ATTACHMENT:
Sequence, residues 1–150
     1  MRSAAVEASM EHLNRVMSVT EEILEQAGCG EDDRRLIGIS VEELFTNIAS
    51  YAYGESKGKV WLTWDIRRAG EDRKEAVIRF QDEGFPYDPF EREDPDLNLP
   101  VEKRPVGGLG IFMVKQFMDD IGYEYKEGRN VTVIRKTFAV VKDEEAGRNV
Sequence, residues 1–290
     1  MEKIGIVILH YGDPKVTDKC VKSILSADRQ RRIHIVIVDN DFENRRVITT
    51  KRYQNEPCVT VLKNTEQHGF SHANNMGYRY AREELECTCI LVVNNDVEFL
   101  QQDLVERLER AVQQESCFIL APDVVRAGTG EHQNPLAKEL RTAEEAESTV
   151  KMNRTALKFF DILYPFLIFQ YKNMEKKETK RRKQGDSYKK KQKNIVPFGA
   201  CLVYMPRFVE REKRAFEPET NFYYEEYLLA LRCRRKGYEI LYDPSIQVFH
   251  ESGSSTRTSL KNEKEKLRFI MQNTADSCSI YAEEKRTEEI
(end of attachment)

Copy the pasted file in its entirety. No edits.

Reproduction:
Sequence, residues 1–150
     1  MRSAAVEASM EHLNRVMSVT EEILEQAGCG EDDRRLIGIS VEELFTNIAS
    51  YAYGESKGKV WLTWDIRRAG EDRKEAVIRF QDEGFPYDPF EREDPDLNLP
   101  VEKRPVGGLG IFMVKQFMDD IGYEYKEGRN VTVIRKTFAV VKDEEAGRNV
Sequence, residues 1–290
     1  MEKIGIVILH YGDPKVTDKC VKSILSADRQ RRIHIVIVDN DFENRRVITT
    51  KRYQNEPCVT VLKNTEQHGF SHANNMGYRY AREELECTCI LVVNNDVEFL
   101  QQDLVERLER AVQQESCFIL APDVVRAGTG EHQNPLAKEL RTAEEAESTV
   151  KMNRTALKFF DILYPFLIFQ YKNMEKKETK RRKQGDSYKK KQKNIVPFGA
   201  CLVYMPRFVE REKRAFEPET NFYYEEYLLA LRCRRKGYEI LYDPSIQVFH
   251  ESGSSTRTSL KNEKEKLRFI MQNTADSCSI YAEEKRTEEI